Published on Indian Country, by Donna Ennis, Dec. 22, 2012.
Thinking a lot lately about Baby Veronica and how it came to be that this Native child was placed with white adoptive parents. I have been thinking that the dominant culture values of possession and ownership are so strong that it leads to a sense of entitlement even when it comes to a child’s life. In this way of thinking you simply need to want something so badly that you can employ any means available to obtain/possess it.
This is how it was with our lands at the first point of European contact. When the early invaders wanted our land they had just taken it and if there was resistance there were Wars waged and the land was taken from us. Eventually these ways became more streamlined and instead of taking the land through violence they used methods of trickery and deceit. In this way they took advantage of our traditional values of cooperation and sharing. Before long we naively signed treaties in the hopes of retaining our way of life and the ability to live a long life as good neighbors.
It was just a matter of time before they came after our children in this same way. Beginning in the 1870’s they simply began taking our children from us. The methods of taking our children were ones of trickery and deceit. They brought our children to boarding schools to be raised in harsh environments devoid of any nurturing or semblance of our Anishinabe values. These attempts to “civilize the savages” through acculturation have had intergenerational effects on the structure of the Native family. By the time the era of boarding schools came to an end our way of life was almost extinct.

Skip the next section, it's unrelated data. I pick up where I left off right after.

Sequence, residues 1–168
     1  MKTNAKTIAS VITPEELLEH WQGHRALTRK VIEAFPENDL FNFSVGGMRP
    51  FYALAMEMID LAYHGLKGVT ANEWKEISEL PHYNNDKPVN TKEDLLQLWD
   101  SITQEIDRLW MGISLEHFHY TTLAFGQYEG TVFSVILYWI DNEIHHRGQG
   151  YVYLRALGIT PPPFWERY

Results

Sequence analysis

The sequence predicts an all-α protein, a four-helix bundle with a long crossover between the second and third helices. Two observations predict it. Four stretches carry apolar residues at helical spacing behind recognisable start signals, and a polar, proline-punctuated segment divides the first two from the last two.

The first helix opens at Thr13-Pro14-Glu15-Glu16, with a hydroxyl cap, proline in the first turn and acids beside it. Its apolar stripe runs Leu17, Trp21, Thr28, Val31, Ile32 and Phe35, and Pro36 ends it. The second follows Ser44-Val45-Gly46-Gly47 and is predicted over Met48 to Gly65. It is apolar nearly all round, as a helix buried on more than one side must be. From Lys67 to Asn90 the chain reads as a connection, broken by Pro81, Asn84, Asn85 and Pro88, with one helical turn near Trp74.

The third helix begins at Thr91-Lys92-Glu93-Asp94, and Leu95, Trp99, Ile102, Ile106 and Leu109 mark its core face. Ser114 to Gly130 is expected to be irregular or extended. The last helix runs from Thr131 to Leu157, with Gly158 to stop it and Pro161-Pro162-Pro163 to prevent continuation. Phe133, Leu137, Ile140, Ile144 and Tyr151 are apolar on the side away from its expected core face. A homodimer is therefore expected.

Congress passed the Indian Child Welfare Act in 1978 in response to the alarmingly high number of Indian children being removed from their homes. The intent was to protect the best interests of Indian children and to promote the stability and security of Indian Tribes and families. Despite state and federal laws designed to decrease the disproportional representation of children by race and ethnicity in the public child welfare system, 30 years later in 2008 Native children continue to experience the greatest disproportionality and the rates of over-representation are expanding.
Collaboration at the state, county, tribal and community level that build upon the strengths of Native families and Native communities will need to be pursued. In other words, we need a foundational change.
If Native people violated federal and state laws in order to adopt or foster a white child the outcry would be deafening. Here again is the double standard that we see across systems. In the book Brother of the Senecas by Walter E. Butts, Jr., a conversation gives us insight into how Native people might deal with this situation … //
… American Indian Child Welfare Advisory Councils (AICWAC) are tasked with “strengthening policies and laws that protect Indian children through the sovereignty of tribes with in the State” among other things. Recently there have been renewed efforts to undermine the work that is being done to protect Native children by groups calling themselves names like Coalition for the Protection of Indian Children, and Families and Christian Alliance for Indian Child Welfare. These groups allege that the ICWA law is destroying loving, stable families and placing children in harmful difficult situations. The groups that are encouraging white families to adopt Native children and proposing amendments that will make it easier for these families to adopt cross-culturally are the ones that are destroying Native families. We are undermined when programs like Dr. Phil portray Native people in a slanted way even when they are provided with the correct information. The message today is the same message we gave 150 years ago: The best setting for a Native child is within one’s own culture and relations.